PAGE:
The Hollywood Reporter tells us that both NBC and The CW are banning ads for the new Dixie Chicks documentary Shut Up & Sing (opening today in NY and LA, Nov. 10 everywhere else). The documentary examines the fallout from statements Chicks singer Natalie Maines made at a concert in 2003 criticizing President Bush. In addition to lost airplay and rejection by many fans, the band also received death threats for airing their political opinions. â€œNot Ready to Make Nice,â€ the compelling single from their latest CD, Taking the Long Way, addresses the threats and censorship they faced as a result of exercising their right to free speech.
The filmâ€™s distributor, The Weinstein Co., accuses NBC (owned by General Electric) and The CW (owned by CBS and Time Warner) of being afraid to associate with a project that is critical of Bush. The CW denies the accusation and NBC simply refuses to comment. Maybe itâ€™s not a surprise that networks with obvious ties to big business would play it so safe, but the same mentality is apparently at work over at CNN and NPR (!). Both are refusing to run ads for The Death of a President, a faux documentary about the assassination of George W. Bush, citing fears that the viewing/listening audience wouldnâ€™t understand that the â€œassassinationâ€ is fictional and not real.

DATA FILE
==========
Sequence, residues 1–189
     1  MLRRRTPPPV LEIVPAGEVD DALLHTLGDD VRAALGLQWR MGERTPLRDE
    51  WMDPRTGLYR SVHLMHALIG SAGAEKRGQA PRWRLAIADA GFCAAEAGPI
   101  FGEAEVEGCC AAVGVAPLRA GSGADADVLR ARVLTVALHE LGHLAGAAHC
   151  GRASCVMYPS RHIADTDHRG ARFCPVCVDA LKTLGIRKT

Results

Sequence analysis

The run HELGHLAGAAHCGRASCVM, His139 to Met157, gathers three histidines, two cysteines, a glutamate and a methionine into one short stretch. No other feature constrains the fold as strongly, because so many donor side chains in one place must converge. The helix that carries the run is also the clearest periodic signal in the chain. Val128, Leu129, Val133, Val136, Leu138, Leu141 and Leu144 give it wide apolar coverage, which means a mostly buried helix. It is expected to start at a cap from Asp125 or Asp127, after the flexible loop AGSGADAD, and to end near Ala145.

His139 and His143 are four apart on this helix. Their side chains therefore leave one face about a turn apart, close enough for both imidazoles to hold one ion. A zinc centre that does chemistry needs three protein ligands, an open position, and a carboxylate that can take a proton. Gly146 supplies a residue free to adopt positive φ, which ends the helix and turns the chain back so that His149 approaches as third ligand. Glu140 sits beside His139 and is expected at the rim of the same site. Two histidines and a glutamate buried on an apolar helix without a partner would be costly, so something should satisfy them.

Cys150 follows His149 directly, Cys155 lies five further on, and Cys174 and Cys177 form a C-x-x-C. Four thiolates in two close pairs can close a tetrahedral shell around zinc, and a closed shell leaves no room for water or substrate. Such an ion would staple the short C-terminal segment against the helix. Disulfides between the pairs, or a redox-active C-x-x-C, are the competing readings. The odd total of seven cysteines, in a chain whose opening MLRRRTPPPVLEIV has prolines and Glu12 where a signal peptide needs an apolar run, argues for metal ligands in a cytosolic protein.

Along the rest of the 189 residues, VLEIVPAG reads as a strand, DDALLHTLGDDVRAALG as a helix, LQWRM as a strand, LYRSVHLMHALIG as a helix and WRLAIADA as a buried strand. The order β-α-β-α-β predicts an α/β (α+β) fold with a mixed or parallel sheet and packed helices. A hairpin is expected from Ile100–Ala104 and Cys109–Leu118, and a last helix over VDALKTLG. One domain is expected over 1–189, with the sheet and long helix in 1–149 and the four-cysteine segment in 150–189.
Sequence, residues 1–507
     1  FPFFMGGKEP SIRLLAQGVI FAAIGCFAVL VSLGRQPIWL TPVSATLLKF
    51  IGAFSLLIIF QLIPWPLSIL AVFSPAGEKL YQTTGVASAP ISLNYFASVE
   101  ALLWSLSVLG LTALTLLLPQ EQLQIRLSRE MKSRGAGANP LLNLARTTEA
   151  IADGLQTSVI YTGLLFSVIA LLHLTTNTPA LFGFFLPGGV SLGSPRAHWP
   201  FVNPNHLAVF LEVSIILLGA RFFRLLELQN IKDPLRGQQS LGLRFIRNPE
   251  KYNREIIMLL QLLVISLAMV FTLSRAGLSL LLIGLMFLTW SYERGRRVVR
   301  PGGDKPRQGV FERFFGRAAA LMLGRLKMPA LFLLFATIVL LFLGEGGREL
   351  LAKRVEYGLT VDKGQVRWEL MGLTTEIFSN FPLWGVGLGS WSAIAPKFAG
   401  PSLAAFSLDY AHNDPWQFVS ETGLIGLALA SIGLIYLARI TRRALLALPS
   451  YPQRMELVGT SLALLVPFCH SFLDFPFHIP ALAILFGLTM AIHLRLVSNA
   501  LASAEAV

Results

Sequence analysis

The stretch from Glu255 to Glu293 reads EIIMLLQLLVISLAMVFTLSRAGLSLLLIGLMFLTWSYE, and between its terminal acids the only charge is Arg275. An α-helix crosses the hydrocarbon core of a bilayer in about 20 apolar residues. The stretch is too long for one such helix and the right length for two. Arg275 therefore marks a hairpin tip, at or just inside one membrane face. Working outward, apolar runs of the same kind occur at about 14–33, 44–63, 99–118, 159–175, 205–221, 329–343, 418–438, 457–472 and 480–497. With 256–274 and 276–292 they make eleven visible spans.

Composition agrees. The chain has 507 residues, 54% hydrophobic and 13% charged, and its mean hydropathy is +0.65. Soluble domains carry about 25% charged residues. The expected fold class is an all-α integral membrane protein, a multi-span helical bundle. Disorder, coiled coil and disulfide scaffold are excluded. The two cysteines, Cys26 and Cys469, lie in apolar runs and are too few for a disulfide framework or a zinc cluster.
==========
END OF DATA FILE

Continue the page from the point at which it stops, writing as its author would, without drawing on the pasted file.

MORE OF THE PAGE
Donâ€™t you just love it when network executives decide what you can â€œhandleâ€ and “understand” so that you donâ€™t have to figure that out for yourself? The biggest Halloween scare for me this year is the thought that the folks that bring us Fear Factor (NBC) and Friday Night Smackdown (The CW) are claiming the moral â€œhighâ€ ground.
Tyra, canâ€™t you do something about this?